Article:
Lesson 4

The Cost of Rest

(2 Samuel 11-12, Psalms 51)
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Introduction: Last week we looked at some of the Fruits of the Spirit. One we mentioned is “peace,” which is the third fruit. See Galatians 5:22. Does peace have anything to do with rest? I think so. It seems difficult to find rest if you lack peace. Would you agree that giving up practices that “steal your peace” is “cost” of rest? For example, if you agree that showing up at work on time is necessary to hold a job, then giving up staying in bed all morning is one price, one “cost,” of holding a job. All of this suggests that leading a life led by the Holy Spirit is a requirement for true rest. Let’s dive into our study to see if the Bible supports this idea.

  1.         The View

  1.         Read 2 Samuel 11:1. Would you expect the King to be leading the army? (David has been a warrior, so it would be natural to expect him to be with his army.)

  1.         Would you have peace and rest if you were involved in battle? (Obviously not.)

  1.         Would you have feelings of guilt if you thought you were not doing your job properly?

  1.         Read 2 Samuel 11:2. Is David in a place of peace?

  1.         Do you think David is bored? (Perhaps he has too much peace.)

  1.         Let’s focus on the last half of 2 Samuel 11:2. When you are bathing, are you alert to whether others can see you? Notice the text says that this was “late one afternoon.” This is during daylight.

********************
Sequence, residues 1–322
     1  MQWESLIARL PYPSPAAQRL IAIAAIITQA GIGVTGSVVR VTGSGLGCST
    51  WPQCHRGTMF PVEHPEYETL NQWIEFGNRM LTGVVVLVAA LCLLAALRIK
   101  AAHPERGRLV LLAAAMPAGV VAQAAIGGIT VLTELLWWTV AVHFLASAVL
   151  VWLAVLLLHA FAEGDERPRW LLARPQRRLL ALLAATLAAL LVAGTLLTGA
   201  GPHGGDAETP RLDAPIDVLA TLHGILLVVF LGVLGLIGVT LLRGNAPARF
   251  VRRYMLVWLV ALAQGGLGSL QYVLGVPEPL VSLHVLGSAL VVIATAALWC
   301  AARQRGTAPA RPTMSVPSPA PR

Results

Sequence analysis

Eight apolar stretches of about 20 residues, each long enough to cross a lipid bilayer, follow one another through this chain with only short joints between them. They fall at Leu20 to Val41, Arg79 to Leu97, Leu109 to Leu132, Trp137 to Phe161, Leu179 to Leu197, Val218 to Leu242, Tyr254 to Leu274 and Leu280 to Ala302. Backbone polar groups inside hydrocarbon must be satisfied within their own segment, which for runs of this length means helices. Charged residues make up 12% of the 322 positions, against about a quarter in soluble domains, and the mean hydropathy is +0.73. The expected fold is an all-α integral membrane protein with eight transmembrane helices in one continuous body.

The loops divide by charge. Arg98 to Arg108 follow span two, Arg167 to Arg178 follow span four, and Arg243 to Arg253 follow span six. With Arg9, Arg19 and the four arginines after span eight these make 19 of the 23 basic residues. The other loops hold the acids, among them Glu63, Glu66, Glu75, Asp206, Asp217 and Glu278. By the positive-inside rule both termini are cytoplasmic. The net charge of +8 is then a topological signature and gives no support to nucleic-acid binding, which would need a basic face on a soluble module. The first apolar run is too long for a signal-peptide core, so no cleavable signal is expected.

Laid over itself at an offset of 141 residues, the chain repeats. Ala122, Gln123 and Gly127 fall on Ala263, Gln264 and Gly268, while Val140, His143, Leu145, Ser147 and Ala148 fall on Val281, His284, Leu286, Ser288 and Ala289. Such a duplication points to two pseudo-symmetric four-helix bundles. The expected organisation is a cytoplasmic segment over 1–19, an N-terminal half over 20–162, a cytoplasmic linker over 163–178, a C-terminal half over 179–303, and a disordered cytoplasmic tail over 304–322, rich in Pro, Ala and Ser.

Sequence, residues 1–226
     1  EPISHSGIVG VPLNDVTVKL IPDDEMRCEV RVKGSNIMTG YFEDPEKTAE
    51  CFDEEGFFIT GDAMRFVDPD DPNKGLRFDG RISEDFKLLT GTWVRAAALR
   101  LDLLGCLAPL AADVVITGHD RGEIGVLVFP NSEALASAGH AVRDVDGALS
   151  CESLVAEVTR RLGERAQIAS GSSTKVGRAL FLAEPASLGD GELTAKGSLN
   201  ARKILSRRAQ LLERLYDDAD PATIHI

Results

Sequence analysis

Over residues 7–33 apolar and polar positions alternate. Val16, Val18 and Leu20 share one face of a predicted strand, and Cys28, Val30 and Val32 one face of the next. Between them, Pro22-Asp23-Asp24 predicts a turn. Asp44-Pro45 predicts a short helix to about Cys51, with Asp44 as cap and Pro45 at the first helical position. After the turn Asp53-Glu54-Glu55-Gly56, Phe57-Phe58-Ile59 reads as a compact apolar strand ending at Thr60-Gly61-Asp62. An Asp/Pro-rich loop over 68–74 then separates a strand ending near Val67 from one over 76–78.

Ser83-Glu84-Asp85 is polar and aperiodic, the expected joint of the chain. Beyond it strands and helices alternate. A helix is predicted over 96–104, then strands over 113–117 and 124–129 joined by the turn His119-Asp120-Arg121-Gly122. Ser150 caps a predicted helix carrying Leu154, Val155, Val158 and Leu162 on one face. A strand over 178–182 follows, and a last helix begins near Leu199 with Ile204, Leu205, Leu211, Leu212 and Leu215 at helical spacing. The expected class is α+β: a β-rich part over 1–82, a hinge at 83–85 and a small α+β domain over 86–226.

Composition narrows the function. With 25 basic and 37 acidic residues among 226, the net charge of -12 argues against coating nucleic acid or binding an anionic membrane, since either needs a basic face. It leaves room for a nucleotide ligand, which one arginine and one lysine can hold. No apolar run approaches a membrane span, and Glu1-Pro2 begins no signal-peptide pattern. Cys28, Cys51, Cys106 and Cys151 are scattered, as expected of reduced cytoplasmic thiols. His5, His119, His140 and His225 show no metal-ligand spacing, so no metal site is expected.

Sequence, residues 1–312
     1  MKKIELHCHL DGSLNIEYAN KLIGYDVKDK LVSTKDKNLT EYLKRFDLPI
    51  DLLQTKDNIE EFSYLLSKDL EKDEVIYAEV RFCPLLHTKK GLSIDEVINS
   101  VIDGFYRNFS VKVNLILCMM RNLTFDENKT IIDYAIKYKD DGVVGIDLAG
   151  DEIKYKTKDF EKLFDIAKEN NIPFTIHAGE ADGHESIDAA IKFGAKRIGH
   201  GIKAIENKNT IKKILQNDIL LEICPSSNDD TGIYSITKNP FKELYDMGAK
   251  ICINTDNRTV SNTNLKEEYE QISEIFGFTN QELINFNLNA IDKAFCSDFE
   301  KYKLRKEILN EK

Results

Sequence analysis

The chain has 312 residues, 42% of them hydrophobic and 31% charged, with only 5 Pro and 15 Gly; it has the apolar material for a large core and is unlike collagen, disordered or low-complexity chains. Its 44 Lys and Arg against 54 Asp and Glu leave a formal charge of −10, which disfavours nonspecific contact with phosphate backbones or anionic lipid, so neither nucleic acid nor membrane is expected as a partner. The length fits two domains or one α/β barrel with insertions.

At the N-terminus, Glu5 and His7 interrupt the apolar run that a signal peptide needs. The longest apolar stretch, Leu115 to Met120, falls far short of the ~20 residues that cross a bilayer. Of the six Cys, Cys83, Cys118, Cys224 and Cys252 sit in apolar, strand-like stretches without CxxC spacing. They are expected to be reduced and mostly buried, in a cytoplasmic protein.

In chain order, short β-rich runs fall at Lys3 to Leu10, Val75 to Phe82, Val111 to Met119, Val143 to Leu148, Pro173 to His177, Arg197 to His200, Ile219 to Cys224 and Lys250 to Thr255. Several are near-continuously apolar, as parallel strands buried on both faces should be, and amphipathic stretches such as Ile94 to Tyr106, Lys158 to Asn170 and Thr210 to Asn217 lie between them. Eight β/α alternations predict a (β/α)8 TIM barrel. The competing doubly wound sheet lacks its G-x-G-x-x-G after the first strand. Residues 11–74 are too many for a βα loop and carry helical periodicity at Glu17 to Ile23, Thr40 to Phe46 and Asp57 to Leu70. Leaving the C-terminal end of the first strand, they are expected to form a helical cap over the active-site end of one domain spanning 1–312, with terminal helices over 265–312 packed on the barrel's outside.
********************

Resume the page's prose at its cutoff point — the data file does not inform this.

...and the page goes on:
1.         If you are a beautiful woman, might you want others to see and appreciate you?

  1.         Or, do you think it possible that this woman had no idea that she could be seen?

  1.         Read 2 Samuel 11:3. Is there anything wrong with David inquiring about this beautiful woman?

  1.         Does this response tell David all he needs to know? (He learns she is married.)

  1.         The Sin

  1.         Read 2 Samuel 11:4. Is there anything wrong with David wanting to meet the wife of Uriah the Hittite?

  1.         Do you like meeting and spending time with members of the opposite sex who are beautiful or powerful?

  1.         Just before they met do you think that David and Bathsheba decided whether they were willing to have sex with each other?  Or, was it more likely that having sex was just an accident?

  1.         When they had sex, they clearly crossed the sin line. The Bible says nothing about whether Bathsheba was coerced. Bible commentators suggest she was not. Assuming that she was not coerced, what might motivate her to have sex with David?

  1.         What motivated David to have sex with her contrary to God’s will? (I don’t think “lust,” or “coveting” adequately describe it. You can experience those without having sex. The root sin was selfishness. David preferred himself over God’s word.)

  1.         Do you think that after they had sex, David and Bathsheba felt peace?

  1.         The Consequences

  1.         Read 2 Samuel 11:5. Do they have peace now?

  1.         The title of our study is “The Cost of Rest.” What is the cost of rest here? (The “cost” of peace (which is necessary for rest) would be refraining from having sex with someone who is not your wife. Not being selfish.)

  1.         Read 2 Samuel 11:7-9. What does this tell us about Uriah? (He is clearly unselfish.)